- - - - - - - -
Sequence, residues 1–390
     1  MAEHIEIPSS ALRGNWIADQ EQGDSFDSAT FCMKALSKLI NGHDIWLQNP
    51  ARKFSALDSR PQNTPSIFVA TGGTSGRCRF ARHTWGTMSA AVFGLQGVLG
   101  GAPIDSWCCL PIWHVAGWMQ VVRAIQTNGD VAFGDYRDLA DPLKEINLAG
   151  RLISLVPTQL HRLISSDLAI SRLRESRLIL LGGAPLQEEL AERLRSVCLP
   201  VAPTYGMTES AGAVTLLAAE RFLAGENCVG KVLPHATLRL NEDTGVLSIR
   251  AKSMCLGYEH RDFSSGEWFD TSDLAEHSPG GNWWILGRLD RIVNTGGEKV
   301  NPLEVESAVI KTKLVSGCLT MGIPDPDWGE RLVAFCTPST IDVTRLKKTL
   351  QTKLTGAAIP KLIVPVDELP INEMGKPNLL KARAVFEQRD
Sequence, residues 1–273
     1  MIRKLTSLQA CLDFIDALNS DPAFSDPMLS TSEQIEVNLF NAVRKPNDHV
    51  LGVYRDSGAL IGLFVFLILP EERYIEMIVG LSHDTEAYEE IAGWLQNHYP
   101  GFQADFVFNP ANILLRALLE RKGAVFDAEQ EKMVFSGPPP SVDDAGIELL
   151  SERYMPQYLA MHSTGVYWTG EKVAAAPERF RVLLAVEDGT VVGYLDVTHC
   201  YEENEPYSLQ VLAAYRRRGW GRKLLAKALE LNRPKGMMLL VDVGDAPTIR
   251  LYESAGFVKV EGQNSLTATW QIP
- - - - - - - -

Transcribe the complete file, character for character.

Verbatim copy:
Sequence, residues 1–390
     1  MAEHIEIPSS ALRGNWIADQ EQGDSFDSAT FCMKALSKLI NGHDIWLQNP
    51  ARKFSALDSR PQNTPSIFVA TGGTSGRCRF ARHTWGTMSA AVFGLQGVLG
   101  GAPIDSWCCL PIWHVAGWMQ VVRAIQTNGD VAFGDYRDLA DPLKEINLAG
   151  RLISLVPTQL HRLISSDLAI SRLRESRLIL LGGAPLQEEL AERLRSVCLP
   201  VAPTYGMTES AGAVTLLAAE RFLAGENCVG KVLPHATLRL NEDTGVLSIR
   251  AKSMCLGYEH RDFSSGEWFD TSDLAEHSPG GNWWILGRLD RIVNTGGEKV
   301  NPLEVESAVI KTKLVSGCLT MGIPDPDWGE RLVAFCTPST IDVTRLKKTL
   351  QTKLTGAAIP KLIVPVDELP INEMGKPNLL KARAVFEQRD
Sequence, residues 1–273
     1  MIRKLTSLQA CLDFIDALNS DPAFSDPMLS TSEQIEVNLF NAVRKPNDHV
    51  LGVYRDSGAL IGLFVFLILP EERYIEMIVG LSHDTEAYEE IAGWLQNHYP
   101  GFQADFVFNP ANILLRALLE RKGAVFDAEQ EKMVFSGPPP SVDDAGIELL
   151  SERYMPQYLA MHSTGVYWTG EKVAAAPERF RVLLAVEDGT VVGYLDVTHC
   201  YEENEPYSLQ VLAAYRRRGW GRKLLAKALE LNRPKGMMLL VDVGDAPTIR
   251  LYESAGFVKV EGQNSLTATW QIP